Even the dogs
Of all the events in Jesus’ ministry, it might be that this is the encounter that leaves us most confused.
He meets a gentile, a Canaanite woman, in desperate need of help for her afflicted daughter, and his response is first to ignore her – explicitly because of her race – and then, when she forces him to respond, he compares her with a dog.
I always used to take a rather guilty pleasure going to Church when I knew that this passage was the lectionary reading. Wondering just how the preacher is going to deal with one of the least attractive portrayals of Jesus that we have anywhere in the gospels.
I’ve heard preachers (when they didn’t take the easy option, and preach from the Old Testament reading) explain that Jesus was testing the woman, or using her to teach his disciples. I’ve heard it said that Jesus was making a joke when he referred to her as a dog. Anything to avoid the implication that Jesus was, in this moment, uncertain about what to do, and fell back on the prejudices of his people.
But I suspect that trying to make the story make sense like that is missing the point of what the author was trying to do. I suspect they told this story in this provocative, difficult way, for a reason.
In the first half of Matthew 15 we find Jesus coming into contention with the religious leaders of his day, criticising the Pharisees for their obsession with the details of the food laws and neglecting deeper matters of justice, misunderstanding what sin really looked like in God’s eyes.
There’s more than a hint here that Jesus is starting to be disillusioned with the understanding of God that the religious leaders of his people were offering.
So Jesus left that place and went away to the district of Tyre and Sidon. But even there, Jesus could not escape notice. His reputation was bigger than that, and a gentile woman came to seek his help.
His first response – well, very unusually for Jesus, his first response seems uncertain. “He didn’t answer her at all”.
The disciples, on the other hand, knew exactly what he should do as a Jewish Rabbi, a follower of the law of Moses passionately committed to calling his people back to the worship of the one true God. They want Jesus to turn away this annoying foreigner, the woman who is not from the people of God, who just keeps shouting at them.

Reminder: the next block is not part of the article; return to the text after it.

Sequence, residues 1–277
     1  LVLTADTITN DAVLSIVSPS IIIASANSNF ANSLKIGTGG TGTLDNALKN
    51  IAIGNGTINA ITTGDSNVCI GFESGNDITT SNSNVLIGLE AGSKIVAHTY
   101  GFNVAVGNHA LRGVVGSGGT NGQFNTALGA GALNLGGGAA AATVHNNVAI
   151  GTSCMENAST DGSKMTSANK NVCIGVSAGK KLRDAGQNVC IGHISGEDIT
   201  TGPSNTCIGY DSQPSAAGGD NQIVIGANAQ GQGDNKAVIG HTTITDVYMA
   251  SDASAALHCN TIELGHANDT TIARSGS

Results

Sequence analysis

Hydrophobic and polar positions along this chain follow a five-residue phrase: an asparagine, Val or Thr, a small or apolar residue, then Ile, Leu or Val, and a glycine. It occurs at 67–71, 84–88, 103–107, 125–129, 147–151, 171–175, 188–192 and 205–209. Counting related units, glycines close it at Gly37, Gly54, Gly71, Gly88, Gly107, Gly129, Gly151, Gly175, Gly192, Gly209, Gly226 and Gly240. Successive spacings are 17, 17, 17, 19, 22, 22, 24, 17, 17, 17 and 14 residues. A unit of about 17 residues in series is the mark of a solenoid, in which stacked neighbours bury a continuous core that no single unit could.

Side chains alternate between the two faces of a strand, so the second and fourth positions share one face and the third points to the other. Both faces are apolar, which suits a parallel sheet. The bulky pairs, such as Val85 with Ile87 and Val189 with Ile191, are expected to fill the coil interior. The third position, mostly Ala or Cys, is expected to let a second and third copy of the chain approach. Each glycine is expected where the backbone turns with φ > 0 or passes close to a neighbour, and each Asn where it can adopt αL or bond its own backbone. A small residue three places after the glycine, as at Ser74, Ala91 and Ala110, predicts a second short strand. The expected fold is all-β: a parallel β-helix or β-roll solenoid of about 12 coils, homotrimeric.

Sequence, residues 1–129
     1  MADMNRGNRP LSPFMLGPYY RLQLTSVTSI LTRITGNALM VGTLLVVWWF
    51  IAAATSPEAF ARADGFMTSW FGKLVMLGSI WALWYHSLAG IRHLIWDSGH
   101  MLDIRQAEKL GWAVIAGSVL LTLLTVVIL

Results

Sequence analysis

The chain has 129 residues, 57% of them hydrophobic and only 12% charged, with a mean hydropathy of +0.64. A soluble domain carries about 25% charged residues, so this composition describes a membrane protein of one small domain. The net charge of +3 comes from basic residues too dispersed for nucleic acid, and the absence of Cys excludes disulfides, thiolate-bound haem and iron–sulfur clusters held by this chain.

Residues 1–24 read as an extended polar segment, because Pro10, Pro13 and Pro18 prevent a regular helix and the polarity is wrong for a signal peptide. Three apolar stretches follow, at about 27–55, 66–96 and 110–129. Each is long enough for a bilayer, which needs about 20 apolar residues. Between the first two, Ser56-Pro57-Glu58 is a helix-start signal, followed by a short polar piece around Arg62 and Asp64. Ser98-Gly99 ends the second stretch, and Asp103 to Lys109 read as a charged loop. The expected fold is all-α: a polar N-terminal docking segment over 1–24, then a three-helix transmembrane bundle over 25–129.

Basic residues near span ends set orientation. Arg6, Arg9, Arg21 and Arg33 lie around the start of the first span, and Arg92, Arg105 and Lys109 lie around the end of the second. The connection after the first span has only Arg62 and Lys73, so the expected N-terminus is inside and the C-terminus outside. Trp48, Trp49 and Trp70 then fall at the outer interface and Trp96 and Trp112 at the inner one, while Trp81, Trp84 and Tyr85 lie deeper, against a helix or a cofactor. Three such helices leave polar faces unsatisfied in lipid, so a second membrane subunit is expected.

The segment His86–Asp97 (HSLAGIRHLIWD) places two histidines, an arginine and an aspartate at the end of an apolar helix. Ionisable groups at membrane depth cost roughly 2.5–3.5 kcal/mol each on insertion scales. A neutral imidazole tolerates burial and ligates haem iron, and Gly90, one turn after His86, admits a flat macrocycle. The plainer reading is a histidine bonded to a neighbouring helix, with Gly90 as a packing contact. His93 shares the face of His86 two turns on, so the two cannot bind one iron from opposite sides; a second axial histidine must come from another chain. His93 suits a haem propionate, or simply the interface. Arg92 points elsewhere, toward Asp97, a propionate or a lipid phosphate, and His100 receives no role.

And it seems as if that sense of who he is as Messiah of the Jews wins out: he agrees with the disciples “I was sent only to the lost sheep of Israel”, and responds to her with rejection: “It is not fair,” he says, “to take the children’s food and throw it to the dogs.”
But whether it was because of her sheer desperation, or some hint of doubt – or even invitation – in his words, as if he was almost willing her to convince him; whatever the reason, she persisted.
“OK. But don’t even the dogs get to eat?”
Until this moment this woman was an annoying distraction; a foreigner, not one of the people Jesus had been sent to call; an irritation, with her pestering shouts.
And then she changes. Like one of those optical illusions, where all you can see is a duck, until it’s obviously a rabbit.
Now, suddenly, she wasn’t “a Canaanite woman”; now she was “Woman” – now she was “woman of great faith”. Her nationality had ceased to matter.
Nationality had ceased to matter to Jesus.
So why would Matthew tell this story, this way?
We know that there were those in the early Church for whom Jesus’ status as the Jewish Messiah was the most important truth; and Matthew’s gospel is written for them – indeed, Matthew is one of them. This gospel tells of Jesus as the perfect Jew – he keeps the law, he doesn’t dine with gentiles, he doesn’t break the Sabbath. All the stories in which Jesus bends or breaks the law of Moses are found in the other gospels, not in Matthew. He condemns the Pharisees for their hypocrisy, but he also asserts that not the smallest part of the law will ever pass away.
For Matthew Jesus is all about Judaism as it was supposed to be.